On February 5th a nationwide coalition came together to celebrate Rosa Parks’ birthday as Transit Equity Day. The same coalition is planning a week of action from April 16th to the 22nd, coinciding with Earth Day, to promote a full spectrum transition away from a fossil fuel economy.
Transit Equity Day was a time to observe and recognize public transit as a civil right, a solution for climate change, and a workers’ rights issue. Rosa Parks’ birthday will now be celebrated as Transit Equity Day every year. She was an epic civil rights leader whose act of resistance is etched into the history books forever.
Behind the organizing are many community, environmental, and labor organizations — like the Labor Network for Sustainability, the Amalgamated Transit Union, Jobs with Justice, Partnership for Working Families, the Institute for Policy Studies, and Americans for Transit. There were Transit Equity Day events in more than 15 cities and towns nationwide. The complete list of organizations and cities involved can be found here.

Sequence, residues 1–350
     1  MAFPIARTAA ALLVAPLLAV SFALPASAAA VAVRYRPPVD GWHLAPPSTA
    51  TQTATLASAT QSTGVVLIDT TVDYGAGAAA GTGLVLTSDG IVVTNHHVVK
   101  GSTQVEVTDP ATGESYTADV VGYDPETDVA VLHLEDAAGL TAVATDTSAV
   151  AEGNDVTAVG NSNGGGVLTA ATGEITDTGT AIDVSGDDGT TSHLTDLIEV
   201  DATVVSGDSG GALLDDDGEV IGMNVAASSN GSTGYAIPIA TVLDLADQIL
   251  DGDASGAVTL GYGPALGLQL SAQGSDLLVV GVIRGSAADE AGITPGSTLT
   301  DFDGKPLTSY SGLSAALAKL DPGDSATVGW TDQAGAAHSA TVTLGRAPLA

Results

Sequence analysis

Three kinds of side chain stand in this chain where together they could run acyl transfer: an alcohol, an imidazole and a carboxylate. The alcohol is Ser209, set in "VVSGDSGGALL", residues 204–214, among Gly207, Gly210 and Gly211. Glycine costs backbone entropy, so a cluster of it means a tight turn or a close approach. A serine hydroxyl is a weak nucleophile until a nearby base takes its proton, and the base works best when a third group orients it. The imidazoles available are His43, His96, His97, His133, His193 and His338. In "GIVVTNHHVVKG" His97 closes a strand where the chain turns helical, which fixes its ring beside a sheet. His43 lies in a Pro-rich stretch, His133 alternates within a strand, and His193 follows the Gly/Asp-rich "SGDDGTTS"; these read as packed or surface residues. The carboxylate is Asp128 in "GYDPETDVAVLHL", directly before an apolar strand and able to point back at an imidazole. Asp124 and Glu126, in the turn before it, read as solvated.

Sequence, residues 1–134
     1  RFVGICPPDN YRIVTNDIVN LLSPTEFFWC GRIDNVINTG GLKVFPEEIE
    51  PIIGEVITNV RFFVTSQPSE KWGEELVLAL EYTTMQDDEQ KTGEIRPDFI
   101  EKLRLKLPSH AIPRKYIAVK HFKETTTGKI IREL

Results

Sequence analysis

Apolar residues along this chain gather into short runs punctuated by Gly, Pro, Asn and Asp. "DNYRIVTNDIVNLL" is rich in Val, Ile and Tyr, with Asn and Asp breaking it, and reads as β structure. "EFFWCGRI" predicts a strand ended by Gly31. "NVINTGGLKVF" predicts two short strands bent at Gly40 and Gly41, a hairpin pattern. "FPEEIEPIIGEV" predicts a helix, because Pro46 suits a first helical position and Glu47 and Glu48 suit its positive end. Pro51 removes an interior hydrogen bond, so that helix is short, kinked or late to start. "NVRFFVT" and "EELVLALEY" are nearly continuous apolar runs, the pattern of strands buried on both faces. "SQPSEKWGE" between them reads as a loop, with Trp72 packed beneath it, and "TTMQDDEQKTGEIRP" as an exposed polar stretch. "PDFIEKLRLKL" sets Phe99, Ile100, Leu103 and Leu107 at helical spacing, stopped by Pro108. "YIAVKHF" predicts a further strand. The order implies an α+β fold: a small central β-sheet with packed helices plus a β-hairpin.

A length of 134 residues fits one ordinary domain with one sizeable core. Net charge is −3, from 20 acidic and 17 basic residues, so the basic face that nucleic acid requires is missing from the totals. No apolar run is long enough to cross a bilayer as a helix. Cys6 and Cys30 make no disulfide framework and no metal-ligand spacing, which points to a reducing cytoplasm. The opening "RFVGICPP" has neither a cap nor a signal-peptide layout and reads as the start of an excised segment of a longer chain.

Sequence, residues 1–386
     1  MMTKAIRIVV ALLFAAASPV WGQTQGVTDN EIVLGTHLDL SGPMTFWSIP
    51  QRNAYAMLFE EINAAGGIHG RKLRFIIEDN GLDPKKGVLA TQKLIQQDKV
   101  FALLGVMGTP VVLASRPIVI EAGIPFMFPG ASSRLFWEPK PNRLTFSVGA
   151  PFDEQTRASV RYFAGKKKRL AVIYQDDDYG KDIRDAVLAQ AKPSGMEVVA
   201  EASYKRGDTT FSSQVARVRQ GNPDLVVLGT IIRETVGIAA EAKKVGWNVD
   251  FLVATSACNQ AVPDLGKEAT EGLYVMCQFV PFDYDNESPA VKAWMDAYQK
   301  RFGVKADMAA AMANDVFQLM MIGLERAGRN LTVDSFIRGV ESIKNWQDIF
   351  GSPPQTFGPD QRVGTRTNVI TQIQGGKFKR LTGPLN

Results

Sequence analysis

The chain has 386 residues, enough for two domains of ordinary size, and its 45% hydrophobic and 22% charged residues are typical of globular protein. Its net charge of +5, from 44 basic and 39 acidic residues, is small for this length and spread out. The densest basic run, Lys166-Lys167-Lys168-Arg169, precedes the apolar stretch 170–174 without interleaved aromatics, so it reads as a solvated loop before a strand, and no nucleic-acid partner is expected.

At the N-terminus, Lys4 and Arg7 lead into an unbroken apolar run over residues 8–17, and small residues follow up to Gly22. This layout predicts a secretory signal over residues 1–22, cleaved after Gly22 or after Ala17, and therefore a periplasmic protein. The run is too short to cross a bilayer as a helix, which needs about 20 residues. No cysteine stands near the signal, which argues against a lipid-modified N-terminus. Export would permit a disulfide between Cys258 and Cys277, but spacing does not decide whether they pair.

While every local Transit Equity Day action has its specific local demands, they included common elements such as clean and renewable energy to promote transition from a fossil fuel economy, the right to affordable or free transit regardless of age, gender, race, or class, and the need for public reinvestment in quality, affordable, and accessible transit .
The local action in the District of Columbia for Transit Equity Day included a rally at the Wilson Building, which houses the offices of the District’s Mayor and City Council.
The fight for an equal and affordable public transit system has become an ongoing movement in Washington, D.C. The consistent message from people who attended was the need for accessible and affordable public transit, as well as flat fares, increased service including late night service, and an improved infrastructure. Participants also demanded a more safe transit for all LGBTQ people, women, youth and elderly. They pointed out that a small tax on wealthy residents in the District, Maryland, and Virginia would be more than enough to fund the Washington Metro’s budget.
As the April events get underway, you can see footage from the February action in this short video.